Who’s out there in the industry right now that you’re really impressed by?
Tory Lanez, Travis Scott. Travis Scott is pretty inventive. There’s time when I hear him and I’m like who is that? He didn’t sound like he did on the other track. Migos I like, you know we did the song together. I thought it would be a big run around but it wasn’t. All three of them came, they brought weed and everything.
Where were you?
In LA. They liked my music so I felt good about it. I’ve worked with some people and I can tell they don’t really know my music but they made me feel like they know my career. We actually did the song before “Bad and Boujee.” So when it broke we were like, “Wow.” So that was pretty cool.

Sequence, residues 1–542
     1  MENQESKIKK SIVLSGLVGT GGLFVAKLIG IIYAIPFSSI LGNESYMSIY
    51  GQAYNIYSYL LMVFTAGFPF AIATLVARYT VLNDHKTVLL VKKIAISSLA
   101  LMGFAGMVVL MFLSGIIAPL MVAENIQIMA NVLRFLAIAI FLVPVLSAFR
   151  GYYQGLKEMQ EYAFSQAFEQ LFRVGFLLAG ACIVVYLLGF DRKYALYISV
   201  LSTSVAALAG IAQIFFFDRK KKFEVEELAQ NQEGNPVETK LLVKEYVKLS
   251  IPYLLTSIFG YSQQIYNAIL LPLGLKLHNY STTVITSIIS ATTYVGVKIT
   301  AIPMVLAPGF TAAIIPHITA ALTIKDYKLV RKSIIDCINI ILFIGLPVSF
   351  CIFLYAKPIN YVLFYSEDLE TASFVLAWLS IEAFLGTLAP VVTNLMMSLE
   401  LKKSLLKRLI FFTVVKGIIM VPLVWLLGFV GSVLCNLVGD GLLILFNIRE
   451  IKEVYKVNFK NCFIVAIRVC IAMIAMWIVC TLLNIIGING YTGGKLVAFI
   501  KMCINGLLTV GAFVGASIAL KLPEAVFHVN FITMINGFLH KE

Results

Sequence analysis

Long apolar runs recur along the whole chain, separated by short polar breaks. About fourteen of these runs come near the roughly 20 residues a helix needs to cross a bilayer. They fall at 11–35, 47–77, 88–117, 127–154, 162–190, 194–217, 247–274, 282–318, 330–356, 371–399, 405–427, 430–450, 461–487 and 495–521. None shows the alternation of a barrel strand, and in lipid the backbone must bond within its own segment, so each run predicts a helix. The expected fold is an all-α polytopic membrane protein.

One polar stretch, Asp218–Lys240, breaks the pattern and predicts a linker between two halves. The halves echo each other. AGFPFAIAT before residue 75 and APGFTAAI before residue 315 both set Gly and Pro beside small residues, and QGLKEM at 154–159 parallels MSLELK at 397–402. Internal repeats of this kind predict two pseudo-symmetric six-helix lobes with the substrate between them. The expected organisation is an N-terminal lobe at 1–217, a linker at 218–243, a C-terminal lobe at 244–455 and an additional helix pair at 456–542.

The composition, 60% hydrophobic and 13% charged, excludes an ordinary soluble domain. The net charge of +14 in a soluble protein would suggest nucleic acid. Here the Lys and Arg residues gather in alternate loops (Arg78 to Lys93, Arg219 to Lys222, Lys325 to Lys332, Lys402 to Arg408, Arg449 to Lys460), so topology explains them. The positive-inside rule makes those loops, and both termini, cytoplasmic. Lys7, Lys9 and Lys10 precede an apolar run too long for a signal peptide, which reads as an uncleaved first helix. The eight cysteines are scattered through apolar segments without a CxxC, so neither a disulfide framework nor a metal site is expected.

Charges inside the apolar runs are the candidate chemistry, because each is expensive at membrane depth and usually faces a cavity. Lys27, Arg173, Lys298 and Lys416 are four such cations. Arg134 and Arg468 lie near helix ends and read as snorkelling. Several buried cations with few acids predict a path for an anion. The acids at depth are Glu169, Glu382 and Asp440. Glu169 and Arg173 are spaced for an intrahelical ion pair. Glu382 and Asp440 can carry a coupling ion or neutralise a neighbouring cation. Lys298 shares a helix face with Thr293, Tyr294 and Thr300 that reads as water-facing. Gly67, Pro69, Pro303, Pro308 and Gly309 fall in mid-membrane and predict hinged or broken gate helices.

You know what I think is underrated song that I love of yours? “She Doesn’t Mind.” Did that chart?
It charted in England, it charted in New Zealand, it charted in Europe. It went like number 1 in England and Germany. I’ll tell you a funny story about that. Benny Blanco produced it. I wanted to work with him for a while and when we started to work he added the hook. I sang for just the reference, and I did the verses. So I’m like, “Who are you going to get to do the hook?” He said he was going to just leave it like that. I never sung in my falsetto voice, but he convinced me. I went home and listened back. I called him and I was like, “Man you’re going to kill my career, bro!” He was like, “No it sounds dope.” That was probably the most afraid I was to put out a song. It was totally different from how I’ve sung before, but a lot of people embraced it. The people in Jamaica loved it.
That’s likely the key to your relevance, you aren’t afraid to embrace change, risk it all.
I’m always listening.
Photo Courtesy of Sean Paul